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Minimising harms from COVID-19 and other respiratory infections – University of Otago

Aotearoa New Zealand should implement a comprehensive respiratory infectious disease mitigation strategy to manage the next phase of COVID-19, as well as influenza and other serious respiratory infections.

In a viewpoint article published in this week’s New Zealand Medical Journal, 16 leading New Zealand scientists and doctors who worked on the COVID-19 pandemic response outline an optimal ongoing response strategy.

While the pandemic virus looks likely to result in waves of infection with peaks that diminish over time, there are still thousands of infections, scores of hospitalisations and tens of deaths caused by COVID-19 each week.

Lead author Professor Michael Baker, of the University of Otago, Wellington, Department of Public Health, says developing a respiratory infectious disease mitigation strategy is an effective and efficient way to simultaneously manage COVID-19 and other respiratory infections.

“While COVID-19 is no longer causing a health emergency, it remains a global pandemic with continuing high health impacts,” he says.

“It is also causing a large, but unmeasured burden of long COVID which may ultimately be its bigger health impact.”

Other respiratory infections also severely impact the lives of New Zealanders, yet rates of influenza infection decreased during the first two years of the pandemic when public health measures were in place.

“We should treat other serious respiratory infections more like COVID-19. The disease burden of influenza is not inevitable and public health measures can alter the annual epidemic patterns.”

The proposed mitigation strategy contains many of these measures, including raising vaccination rates for at-risk people and supporting those who are self-isolating.

Other recommendations are improving indoor air quality, wearing masks in crowded and poorly ventilated indoor areas, and continuing innovative infection control across the healthcare sector.

Co-author Associate Professor Amanda Kvalsvig, of the Department of Public Health, says this strategy will enhance public health, equity, and health security. “Adopting these effective approaches to reduce the spread of airborne infections will put Aotearoa in a strong position to manage current respiratory illnesses and future pandemics,” she says.

“We also need better real-time data about respiratory infections to help guide our response. One important step will be to set up sentinel sites in communities around the country to monitor infections and test for viruses in a systematic way.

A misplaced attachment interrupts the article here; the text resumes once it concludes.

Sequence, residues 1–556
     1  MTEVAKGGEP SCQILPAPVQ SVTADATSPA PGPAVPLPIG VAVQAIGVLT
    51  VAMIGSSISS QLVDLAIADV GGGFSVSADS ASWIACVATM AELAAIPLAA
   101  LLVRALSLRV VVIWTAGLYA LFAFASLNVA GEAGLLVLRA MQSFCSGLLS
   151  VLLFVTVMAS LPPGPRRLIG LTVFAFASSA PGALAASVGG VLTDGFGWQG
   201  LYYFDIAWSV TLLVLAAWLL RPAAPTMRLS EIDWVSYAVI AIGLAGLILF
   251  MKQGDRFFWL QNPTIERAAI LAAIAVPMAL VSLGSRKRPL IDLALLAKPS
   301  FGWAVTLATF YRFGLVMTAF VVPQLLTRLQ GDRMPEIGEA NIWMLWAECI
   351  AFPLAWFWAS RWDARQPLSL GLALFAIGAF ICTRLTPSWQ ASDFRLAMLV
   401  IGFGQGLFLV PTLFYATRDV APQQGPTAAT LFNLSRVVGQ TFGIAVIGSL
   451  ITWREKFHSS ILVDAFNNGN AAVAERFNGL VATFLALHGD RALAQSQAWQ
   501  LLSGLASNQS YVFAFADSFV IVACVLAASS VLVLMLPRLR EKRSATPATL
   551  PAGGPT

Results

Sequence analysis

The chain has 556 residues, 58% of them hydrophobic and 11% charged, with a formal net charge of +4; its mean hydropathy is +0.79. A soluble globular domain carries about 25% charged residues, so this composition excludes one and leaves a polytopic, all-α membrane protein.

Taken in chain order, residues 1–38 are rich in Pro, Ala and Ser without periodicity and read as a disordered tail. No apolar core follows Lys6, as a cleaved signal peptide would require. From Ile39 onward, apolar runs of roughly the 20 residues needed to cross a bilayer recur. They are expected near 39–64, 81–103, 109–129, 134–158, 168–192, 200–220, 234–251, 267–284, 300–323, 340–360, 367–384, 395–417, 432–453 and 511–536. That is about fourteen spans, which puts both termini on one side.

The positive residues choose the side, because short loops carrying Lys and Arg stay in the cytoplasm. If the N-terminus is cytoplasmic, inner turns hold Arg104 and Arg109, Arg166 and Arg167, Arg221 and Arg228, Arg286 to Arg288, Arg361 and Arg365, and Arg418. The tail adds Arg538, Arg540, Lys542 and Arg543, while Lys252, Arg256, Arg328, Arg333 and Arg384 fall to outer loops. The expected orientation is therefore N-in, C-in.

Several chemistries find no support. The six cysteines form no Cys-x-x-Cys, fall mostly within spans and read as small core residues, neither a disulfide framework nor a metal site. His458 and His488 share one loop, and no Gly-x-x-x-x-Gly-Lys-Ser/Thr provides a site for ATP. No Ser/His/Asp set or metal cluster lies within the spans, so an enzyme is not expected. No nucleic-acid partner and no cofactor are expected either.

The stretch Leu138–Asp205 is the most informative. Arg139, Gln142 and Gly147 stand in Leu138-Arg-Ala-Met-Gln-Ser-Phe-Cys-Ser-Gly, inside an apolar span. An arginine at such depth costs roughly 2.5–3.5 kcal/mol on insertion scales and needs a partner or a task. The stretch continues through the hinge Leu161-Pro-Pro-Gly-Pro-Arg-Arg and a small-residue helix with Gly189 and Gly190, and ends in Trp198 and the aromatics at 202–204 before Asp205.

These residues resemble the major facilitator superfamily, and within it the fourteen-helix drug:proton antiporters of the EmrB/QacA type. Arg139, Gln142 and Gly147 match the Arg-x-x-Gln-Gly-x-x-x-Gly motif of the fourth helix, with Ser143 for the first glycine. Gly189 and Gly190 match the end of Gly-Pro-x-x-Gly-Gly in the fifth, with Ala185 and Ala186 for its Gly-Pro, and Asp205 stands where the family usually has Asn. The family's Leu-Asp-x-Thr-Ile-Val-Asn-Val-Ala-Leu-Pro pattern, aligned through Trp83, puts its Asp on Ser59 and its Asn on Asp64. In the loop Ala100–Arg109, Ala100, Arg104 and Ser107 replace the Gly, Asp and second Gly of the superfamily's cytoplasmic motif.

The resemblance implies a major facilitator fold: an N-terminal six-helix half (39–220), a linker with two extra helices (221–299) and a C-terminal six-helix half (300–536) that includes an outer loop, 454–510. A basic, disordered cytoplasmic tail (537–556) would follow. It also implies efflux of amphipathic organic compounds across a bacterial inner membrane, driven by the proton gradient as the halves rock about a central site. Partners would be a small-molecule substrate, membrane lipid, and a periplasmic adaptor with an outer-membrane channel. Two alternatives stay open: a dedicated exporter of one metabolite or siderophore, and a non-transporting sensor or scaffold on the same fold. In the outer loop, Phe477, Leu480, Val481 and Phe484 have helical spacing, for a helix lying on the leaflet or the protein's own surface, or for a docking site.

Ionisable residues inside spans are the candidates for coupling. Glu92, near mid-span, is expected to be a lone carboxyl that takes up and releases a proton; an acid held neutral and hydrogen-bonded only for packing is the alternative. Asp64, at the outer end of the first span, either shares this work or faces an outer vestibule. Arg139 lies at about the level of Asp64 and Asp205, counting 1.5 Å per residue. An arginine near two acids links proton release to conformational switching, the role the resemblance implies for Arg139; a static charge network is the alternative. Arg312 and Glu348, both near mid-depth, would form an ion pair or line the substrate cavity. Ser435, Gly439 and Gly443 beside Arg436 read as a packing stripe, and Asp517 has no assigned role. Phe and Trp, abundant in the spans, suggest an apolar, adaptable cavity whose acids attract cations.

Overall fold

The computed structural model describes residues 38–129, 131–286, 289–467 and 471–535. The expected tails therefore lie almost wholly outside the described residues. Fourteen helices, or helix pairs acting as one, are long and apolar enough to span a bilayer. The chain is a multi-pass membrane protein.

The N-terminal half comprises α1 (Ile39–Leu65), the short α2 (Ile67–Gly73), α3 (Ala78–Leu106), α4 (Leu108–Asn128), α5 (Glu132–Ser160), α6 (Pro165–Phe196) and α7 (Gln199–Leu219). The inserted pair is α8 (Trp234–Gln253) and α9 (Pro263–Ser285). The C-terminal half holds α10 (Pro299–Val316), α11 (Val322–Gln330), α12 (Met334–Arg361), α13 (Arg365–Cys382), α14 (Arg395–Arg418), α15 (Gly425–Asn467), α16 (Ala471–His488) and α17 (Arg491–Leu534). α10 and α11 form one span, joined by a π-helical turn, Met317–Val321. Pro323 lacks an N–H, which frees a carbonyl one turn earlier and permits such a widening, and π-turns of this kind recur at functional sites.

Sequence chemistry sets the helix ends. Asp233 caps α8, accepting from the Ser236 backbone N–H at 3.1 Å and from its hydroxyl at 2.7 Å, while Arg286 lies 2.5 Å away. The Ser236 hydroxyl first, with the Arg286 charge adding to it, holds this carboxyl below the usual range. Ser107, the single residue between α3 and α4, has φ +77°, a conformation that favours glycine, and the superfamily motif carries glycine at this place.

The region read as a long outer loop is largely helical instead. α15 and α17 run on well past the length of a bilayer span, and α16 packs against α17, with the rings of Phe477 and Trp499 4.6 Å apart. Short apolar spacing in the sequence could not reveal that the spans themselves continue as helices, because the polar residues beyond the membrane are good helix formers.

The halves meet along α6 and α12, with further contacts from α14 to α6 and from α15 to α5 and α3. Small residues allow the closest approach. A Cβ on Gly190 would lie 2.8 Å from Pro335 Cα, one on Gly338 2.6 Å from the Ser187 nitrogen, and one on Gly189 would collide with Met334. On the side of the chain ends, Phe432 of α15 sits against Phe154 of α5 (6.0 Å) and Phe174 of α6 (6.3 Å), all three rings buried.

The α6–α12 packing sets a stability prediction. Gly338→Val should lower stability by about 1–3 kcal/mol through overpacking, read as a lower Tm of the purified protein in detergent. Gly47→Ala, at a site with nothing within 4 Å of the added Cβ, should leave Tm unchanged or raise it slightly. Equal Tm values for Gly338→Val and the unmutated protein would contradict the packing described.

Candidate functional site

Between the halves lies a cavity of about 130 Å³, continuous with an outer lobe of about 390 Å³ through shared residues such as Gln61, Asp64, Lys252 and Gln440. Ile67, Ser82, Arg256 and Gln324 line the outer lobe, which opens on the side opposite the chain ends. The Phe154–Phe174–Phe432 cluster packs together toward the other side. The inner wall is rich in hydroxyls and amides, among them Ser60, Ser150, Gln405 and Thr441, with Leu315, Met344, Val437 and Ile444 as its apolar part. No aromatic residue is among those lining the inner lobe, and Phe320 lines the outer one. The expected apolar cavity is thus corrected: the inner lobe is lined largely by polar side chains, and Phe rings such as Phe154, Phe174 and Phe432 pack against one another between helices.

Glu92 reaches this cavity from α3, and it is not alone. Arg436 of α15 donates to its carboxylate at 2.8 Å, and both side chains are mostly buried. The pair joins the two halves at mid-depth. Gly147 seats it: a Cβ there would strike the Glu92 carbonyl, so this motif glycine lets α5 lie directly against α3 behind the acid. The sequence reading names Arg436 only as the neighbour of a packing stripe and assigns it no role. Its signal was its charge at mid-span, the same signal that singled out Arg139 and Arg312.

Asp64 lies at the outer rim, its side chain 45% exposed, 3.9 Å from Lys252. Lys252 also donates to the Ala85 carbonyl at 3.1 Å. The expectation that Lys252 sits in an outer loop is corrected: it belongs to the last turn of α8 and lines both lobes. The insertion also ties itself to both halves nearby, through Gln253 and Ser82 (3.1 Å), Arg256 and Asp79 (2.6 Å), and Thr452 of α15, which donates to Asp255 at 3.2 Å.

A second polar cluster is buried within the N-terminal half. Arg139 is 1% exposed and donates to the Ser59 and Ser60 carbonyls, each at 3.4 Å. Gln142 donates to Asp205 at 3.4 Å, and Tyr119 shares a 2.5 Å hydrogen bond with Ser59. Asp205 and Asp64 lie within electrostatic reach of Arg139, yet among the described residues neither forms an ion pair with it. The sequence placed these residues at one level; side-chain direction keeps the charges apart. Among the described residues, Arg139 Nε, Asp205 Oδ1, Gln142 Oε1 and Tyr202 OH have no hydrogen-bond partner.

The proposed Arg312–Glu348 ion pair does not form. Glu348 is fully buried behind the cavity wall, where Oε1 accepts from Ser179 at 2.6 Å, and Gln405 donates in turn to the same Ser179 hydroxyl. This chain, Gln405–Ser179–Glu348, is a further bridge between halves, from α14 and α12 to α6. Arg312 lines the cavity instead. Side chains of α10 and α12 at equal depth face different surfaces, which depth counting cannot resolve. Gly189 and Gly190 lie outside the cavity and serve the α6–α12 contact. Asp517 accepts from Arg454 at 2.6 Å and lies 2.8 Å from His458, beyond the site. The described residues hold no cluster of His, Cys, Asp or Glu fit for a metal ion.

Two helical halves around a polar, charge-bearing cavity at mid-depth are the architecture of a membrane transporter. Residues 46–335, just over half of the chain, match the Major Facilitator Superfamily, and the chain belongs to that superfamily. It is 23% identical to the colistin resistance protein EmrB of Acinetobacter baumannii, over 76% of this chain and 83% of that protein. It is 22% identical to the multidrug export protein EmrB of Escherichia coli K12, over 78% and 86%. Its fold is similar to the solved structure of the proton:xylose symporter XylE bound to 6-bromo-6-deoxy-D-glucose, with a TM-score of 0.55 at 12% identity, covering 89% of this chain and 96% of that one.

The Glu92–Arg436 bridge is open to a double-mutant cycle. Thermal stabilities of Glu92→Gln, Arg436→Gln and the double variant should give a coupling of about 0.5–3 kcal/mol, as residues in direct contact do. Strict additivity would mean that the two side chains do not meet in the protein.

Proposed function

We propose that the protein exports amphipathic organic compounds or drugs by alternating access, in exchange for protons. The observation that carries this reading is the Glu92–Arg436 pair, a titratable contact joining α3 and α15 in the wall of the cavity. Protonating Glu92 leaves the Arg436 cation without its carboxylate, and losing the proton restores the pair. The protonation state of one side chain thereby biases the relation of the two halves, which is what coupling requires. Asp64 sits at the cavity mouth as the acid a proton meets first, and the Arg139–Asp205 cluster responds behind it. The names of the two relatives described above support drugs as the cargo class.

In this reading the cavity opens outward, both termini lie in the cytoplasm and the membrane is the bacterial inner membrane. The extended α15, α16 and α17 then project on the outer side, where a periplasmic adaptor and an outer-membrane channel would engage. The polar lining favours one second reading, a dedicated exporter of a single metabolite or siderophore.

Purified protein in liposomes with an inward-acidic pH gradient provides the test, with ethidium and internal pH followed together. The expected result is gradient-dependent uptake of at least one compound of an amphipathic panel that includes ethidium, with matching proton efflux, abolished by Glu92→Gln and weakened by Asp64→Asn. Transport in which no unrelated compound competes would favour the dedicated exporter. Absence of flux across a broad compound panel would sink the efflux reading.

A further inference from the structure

“This system would be a vital resource to improve our understanding of how respiratory infections spread and to provide early warning of new outbreaks and epidemics.”

Co-author Sir Collin Tukuitonga, President of the New Zealand College of Public Health Medicine, says equity needs to be at the heart of the strategy.

“The pandemic remains a major cause of health inequities, with far higher rates of hospitalisation and death for Māori and Pacific people, even after adjusting for age.”

Strong Māori and Pacific leadership should be included at all levels of decision-making and delivery, so they have the opportunity and resources to lead a response that meets the needs of their communities, Sir Collin says.

New Zealand’s response to the pandemic, especially its elimination strategy, has been deemed among the best in the world and kept cumulative excess mortality rates close to zero.

Professor Baker says this response has saved almost 20,000 lives in New Zealand, based on the deaths we would have seen if we had the same mortality rate as the United States.

“Remarkably, New Zealand has achieved this outcome with a relatively low level of restrictions, with the average stringency of control measures being lower here than in other high-income countries such as Sweden.” Excess mortality only increased in New Zealand at the start of 2022 with the arrival and widespread infection from the Omicron subvariant. There was no association of excess mortality with control measures which were introduced in 2020 or vaccination which was highest in 2021. Professor Baker says a priority now is to focus on preventing the next major pandemic. “We encourage the Royal Commission of Inquiry to document these successes and identify how New Zealand can build on its world-leading COVID-19 response and contribute to regional and global preparedness for severe future pandemics.”